Furthermore, as former Governor Pat Quinn said when he vetoed the bobcat hunting ban in January of this year, bobcats are a valuable part of the ecosystem. Rauner, however, loves sport hunting and fishing. That is likely why he signed the bill; he’s kowtowing to his own recreation, and to the hunters in Illinois.

Killing one bobcat per hunter, per season, doesn’t sound like much. It doesn’t sound like that kind of a limit will allow hunters to once again devastate Illinois’ bobcat population, but it adds up. That’s especially true when you consider the fact that there’s no reason to hunt bobcats other than to “protect” the hunters’ favorite game from competition. They also want the trophies, and some likely want to make some money selling the fur.

We needed the bobcat hunting ban to remain in effect. Unfortunately, the lies, the misinformation, and the special interests won the day.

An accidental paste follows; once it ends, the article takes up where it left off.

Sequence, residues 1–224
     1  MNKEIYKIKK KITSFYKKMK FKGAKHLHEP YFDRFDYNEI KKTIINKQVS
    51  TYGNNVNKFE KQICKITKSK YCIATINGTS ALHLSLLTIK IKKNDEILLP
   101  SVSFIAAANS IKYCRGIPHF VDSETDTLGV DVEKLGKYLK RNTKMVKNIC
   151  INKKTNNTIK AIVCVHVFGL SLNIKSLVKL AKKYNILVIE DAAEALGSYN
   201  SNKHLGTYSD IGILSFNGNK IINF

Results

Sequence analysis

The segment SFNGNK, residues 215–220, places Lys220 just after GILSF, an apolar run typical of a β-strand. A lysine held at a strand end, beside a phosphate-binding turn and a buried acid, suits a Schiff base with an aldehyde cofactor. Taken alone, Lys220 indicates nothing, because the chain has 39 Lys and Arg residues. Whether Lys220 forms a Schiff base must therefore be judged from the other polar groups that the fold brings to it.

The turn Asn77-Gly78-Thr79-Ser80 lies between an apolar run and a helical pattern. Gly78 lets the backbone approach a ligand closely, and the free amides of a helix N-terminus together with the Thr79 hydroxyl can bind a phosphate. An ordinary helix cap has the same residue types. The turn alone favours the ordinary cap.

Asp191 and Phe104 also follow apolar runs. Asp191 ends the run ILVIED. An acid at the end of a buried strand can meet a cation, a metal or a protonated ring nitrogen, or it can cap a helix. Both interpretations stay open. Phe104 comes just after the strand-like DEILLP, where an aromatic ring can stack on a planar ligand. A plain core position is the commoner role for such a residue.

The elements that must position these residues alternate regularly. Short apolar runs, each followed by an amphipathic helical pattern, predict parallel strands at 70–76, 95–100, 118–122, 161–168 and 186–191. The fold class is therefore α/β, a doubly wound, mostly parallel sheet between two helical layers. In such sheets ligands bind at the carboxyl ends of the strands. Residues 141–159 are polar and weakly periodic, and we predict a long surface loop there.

Is it Best to Feed Cats Dry or Wet Food?

We all try to feed our cats the best possible diets, but with so many different foods out there, how do we know what is actually the best? There are all sorts of information out there about what’s best for their internal health, their dental health, their energy levels, even their cognitive function. However, the first thing to consider is whether it’s best to feed cats dry or wet food.

The arguments for dry food

For a very long time, vets recommended their clients feed dry food for dental health. However, lately, vets, especially younger vets, have started recommending their clients feed wet food to their cats. Why is that? According to Petplace, vets are not 100 percent sure whether it’s best to feed your cat dry or wet food. However, Dr. Particia Kuhly says that recent studies actually indicate that wet food is better.

The consistent argument for dry food seems to be dental, but Petplace says that veterinary dentists aren’t thrilled about using dry food for teeth-cleaning purposes. They believe that relying solely on crunchy foods to keep teeth clean is akin to relying on an apple a day to keep your own dentist away.